Spain's ambitious long-distance footpath, the Camino Natural del Ebro or GR99, follows the course of the River Ebro for nearly 1,300km from the Cantabrian mountains to the Mediterranean. There are 42 day-stages, including rugged mountain terrain, the vineyards of La Rioja and finally the rich wildlife of the delta. Visit chebro.es for downloadable guides (in Spanish); topographic maps and guide book (in Spanish) available from Stanfords for £18.95. Santander and Bilbao are the nearest airports for the start of the Ebro trail, Zaragoza for the middle sections. Cyclists can also use the trail.
Iberocycle (00 34 942 58 10 85; iberocycle.com ) runs eight-day tours along the La Rioja section for €835 (£740) per person, based on two sharing, plus €88 for bike hire. Next tour starts 18 April.
Freedom Trail – South Africa
Known as "the soul of mountain biking", the Freedom Trail is a 2,300km mountain bike trail between Durban and Cape Town. It crosses lush forests in the Baviaanskloof, the sparse semi-desert of the Southern Cape and the grasslands of Natal. The whole route, best in spring and autumn, will take about six weeks or you can choose a section. Information about the stages (50km to 80km), booking for food and accommodation (R450/£38 per night) and downloadable maps are on the Freedom Challenge website freedomchallenge.org.za ; call 00 27 84 567 4152 for more information.
Guided tours can be arranged with Cape Town-based Daytrippers (00 27 21 511 4766; daytrippers.co.za).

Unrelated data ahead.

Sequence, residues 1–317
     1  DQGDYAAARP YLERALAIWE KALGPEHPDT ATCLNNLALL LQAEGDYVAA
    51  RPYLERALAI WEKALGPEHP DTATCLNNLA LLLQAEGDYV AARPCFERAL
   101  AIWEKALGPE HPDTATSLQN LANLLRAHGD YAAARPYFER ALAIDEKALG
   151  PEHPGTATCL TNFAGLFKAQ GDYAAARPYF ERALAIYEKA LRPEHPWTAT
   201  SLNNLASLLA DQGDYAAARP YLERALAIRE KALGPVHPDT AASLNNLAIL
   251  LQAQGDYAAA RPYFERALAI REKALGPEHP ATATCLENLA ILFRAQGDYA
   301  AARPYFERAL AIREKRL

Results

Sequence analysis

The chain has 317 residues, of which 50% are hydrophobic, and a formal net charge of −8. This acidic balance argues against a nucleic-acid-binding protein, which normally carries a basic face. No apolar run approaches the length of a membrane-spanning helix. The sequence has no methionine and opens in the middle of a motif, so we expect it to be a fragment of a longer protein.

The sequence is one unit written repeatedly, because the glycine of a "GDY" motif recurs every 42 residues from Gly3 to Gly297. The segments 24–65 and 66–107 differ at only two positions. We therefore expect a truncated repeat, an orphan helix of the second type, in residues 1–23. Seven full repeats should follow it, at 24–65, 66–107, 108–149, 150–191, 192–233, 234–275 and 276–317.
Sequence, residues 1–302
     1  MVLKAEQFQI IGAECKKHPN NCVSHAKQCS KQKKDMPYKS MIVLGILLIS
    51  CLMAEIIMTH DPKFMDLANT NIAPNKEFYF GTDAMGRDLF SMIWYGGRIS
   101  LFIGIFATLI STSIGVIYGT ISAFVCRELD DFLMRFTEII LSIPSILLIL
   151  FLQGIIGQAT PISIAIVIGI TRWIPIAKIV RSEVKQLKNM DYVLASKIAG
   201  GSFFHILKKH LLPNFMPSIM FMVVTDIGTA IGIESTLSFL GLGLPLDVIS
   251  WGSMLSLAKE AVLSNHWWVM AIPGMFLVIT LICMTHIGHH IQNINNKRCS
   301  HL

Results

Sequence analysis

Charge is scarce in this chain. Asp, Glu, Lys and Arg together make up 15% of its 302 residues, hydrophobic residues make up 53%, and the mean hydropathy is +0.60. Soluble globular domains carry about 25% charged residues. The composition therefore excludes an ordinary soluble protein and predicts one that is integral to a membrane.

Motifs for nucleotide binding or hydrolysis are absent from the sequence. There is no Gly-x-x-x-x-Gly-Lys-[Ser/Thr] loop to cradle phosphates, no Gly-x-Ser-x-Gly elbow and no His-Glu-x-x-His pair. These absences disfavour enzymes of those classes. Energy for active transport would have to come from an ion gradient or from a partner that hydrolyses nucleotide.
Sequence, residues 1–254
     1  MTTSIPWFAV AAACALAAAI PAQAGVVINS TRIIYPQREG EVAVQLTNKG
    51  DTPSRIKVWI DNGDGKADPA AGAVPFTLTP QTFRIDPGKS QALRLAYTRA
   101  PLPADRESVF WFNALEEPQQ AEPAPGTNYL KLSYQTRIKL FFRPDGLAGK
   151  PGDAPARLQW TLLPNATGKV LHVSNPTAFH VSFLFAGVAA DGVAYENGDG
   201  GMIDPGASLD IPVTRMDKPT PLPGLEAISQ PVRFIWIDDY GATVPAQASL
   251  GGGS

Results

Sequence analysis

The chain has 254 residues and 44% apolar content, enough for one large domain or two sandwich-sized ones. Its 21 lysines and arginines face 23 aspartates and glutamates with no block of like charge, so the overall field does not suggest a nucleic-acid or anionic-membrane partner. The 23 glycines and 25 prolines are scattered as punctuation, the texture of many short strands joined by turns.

Great Ocean Road (Australia)
This seaside highway meanders for 250km along Victoria's ruggedly beautiful south-east coast between the cities of Torquay (90km south-west of Melbourne) and Warrnambool. Stop off to enjoy the views and splendid beaches as well as some of Australia's best rainforest scenery in the Otway Ranges. Most striking of all are the rock stacks, known as the Twelve Apostles, that rise out of the Southern Ocean. More information from visitvictoria.com , or the definitive book on the subject: Richard Everist's Australia's Great Ocean Road: the complete guide to southwest Victoria (£19.99)
Wildlife Tours Australia offers a day trip by coach along the Great Ocean Road for A$95 (£55), setting out from Melbourne (00 61 3 9396 1938; wildlifetours.com.au ).
Highway 1 (US)
State Route 1, as it is officially known, hugs California's scenic Pacific coast for 800km between Capistrano Beach, south of Los Angeles, and Leggett, north of San Francisco. Given the accolade of All American Road, it takes in the hectic cities of San Francisco and California as well as the magical landscape of Big Sur. You can't rush the trip – local speed limits will ensure that – but there's much to see and, in places like Monterrey, good food to be enjoyed. Accommodation should be reserved during the busy summer months, though quieter, fog-free September V C and October are better months for the trip. If you can afford to rent a convertible, this is the time to do it.